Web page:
Second, for the Canons the cross itself, as the death of Christ, did something, accomplished something: it “confirmed the new covenant” and “effectually” redeemed the elect. The certain effect of the cross is that it fully and finally saves all for whom Christ died: “should at last bring them free from every spot and blemish to the enjoyment of glory in his own presence forever.” The effect of the effectual death of Christ is the efficacious application of the atoning, satisfying, and redeeming cross to every one for whom Christ died. According to Allen’s hypothetical universalism, the cross of Christ lacks the efficacy to save those for whom Christ died. As Beza observed, to say so is blasphemous. David Allen ought to take warning.

Third, the cross confessed by the Canons of Dordt purchased faith for those humans for whom Christ died. It is of fundamental importance to hypothetical universalism that the death of Christ did not earn and purchase faith for those for whom Christ died. Allen repeatedly denies that the cross merited faith for any. For the cross to have purchased faith would limit the death to some only—the elect. In addition, the truth that the cross purchased faith for some would nullify Allen’s and hypothetical universalism’s teaching that faith is the condition that humans must fulfill in order to make the cross efficacious on their behalf. If faith was earned for some, it cannot be a condition that sinners must fulfill to apply the cross to themselves for their salvation. Allen denies “the notion of the purchase of faith, which is at the heart of the necessary salvation of the elect” (p. 211).

But the Canons confess that Christ purchased faith for those for whom He died, that is, for the elect: “… faith, which together with all the other saving gifts of the Holy Spirit, he [Christ] purchased for them by his death …” (Canons, II. 8, in Schaff, Creeds).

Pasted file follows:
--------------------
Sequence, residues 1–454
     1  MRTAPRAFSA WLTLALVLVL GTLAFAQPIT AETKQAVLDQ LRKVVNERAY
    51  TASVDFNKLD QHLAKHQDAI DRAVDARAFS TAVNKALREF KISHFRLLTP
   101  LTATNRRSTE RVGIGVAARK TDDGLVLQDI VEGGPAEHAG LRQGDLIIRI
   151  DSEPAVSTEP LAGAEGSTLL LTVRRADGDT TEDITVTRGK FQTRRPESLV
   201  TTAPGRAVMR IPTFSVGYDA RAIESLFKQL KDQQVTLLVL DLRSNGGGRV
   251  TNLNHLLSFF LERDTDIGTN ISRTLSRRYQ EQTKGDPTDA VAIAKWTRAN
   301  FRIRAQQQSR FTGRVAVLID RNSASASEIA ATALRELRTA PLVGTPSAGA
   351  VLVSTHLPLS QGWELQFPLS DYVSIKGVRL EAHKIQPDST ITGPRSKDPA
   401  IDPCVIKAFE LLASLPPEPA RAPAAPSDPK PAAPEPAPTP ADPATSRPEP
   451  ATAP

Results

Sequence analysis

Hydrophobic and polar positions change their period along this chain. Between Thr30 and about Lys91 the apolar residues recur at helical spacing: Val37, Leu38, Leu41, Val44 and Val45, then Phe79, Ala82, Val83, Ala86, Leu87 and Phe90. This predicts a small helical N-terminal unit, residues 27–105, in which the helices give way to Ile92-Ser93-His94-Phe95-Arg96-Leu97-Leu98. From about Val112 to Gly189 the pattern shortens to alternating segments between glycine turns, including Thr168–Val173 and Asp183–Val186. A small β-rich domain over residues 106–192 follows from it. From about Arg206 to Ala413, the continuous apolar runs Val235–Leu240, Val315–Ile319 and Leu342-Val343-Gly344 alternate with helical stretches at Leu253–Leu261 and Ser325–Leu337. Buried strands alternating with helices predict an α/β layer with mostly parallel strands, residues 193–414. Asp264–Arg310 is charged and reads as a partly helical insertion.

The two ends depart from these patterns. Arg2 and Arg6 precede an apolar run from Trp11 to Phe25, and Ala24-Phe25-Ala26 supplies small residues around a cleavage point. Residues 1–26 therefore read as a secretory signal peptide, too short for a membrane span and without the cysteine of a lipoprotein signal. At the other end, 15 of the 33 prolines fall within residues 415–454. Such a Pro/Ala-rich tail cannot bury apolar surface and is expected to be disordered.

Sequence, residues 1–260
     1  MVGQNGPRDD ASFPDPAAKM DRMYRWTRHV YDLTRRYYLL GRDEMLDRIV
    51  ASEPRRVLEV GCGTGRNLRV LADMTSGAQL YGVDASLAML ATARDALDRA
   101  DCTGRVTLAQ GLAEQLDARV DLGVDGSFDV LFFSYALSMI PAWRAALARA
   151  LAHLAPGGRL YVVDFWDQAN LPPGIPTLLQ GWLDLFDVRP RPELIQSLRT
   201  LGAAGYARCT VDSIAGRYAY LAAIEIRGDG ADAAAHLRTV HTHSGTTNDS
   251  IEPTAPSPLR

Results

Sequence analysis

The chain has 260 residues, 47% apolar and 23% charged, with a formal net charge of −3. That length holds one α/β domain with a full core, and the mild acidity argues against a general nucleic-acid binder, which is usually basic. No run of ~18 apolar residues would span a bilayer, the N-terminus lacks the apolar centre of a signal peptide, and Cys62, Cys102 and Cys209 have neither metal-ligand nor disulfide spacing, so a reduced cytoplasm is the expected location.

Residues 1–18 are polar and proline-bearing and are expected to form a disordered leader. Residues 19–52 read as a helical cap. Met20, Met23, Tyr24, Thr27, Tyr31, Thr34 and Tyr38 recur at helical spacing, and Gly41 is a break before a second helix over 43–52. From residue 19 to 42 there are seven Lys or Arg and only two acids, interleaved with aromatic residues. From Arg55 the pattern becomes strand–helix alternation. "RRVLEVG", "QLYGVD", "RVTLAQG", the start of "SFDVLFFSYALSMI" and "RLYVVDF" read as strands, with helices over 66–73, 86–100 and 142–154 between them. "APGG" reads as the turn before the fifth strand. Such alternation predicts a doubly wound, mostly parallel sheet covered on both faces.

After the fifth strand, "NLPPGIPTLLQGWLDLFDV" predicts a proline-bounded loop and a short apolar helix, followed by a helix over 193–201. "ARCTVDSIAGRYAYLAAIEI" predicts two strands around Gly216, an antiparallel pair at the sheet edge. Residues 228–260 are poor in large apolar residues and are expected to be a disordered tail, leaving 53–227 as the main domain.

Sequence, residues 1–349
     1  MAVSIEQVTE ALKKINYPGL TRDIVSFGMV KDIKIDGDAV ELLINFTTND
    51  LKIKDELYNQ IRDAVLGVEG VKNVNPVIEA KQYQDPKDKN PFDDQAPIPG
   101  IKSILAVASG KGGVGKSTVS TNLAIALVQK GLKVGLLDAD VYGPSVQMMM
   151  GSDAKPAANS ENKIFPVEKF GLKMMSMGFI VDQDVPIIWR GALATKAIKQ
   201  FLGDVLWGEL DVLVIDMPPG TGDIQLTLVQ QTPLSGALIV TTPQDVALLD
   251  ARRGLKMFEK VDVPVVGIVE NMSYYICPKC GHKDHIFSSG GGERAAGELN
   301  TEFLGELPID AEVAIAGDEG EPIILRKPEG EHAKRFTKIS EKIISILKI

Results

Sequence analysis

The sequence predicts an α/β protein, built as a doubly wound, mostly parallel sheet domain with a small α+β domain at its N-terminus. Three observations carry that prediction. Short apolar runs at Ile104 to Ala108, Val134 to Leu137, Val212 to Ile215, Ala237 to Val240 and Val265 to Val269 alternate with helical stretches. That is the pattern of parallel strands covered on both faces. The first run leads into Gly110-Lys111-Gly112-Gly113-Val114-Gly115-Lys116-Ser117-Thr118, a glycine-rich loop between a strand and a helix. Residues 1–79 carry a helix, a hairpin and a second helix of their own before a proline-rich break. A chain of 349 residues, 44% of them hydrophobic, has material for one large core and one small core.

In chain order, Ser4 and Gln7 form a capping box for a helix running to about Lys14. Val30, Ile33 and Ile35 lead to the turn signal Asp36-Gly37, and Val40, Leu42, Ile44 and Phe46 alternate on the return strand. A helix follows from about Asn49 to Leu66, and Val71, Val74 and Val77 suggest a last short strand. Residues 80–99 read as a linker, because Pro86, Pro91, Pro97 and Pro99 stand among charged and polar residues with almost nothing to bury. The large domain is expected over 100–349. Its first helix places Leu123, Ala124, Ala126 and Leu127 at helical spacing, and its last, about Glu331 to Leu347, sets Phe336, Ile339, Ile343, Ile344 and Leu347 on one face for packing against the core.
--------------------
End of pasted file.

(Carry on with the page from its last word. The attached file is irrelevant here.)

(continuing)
Whatever can be said of Allen’s gigantic project, it shatters on the second head of the Canons of Dordt, as do all other forms of the heresy of universal atonement. Whatever credentials hypothetical universalism may have of antiquity and popularity, it is not creedally Reformed, but heretical, according to the official judgment of the Reformed churches and their confession.

Two Bases

Allen grounds his doctrine on two main bases. One is his church historical claim that virtually all theologians before Beza, including Calvin, held universal atonement, which atonement is made particular only by the condition of faith. Church historians may and do dispute this claim, especially with regard to Calvin. Regardless of the soundness of the claim, it is not conclusive in the controversy. There has been development of the truth in church history. In this development, doctrinal error has prevailed for a time in large sections of the church and among many theologians. Think only of the doctrine of the sacrament of the Lord’s Supper. This development of sound doctrine against error has been especially noticeable regarding the pure gospel of grace. How late in coming in the history of the church was the clear understanding of the truth of justification by faith alone. How prominent for a long time was the heresy of justification by works with all its attendant evils. No orthodox Protestant would be swayed by the careful selection of many quotations of theologians prior to Luther in defense of justification by works.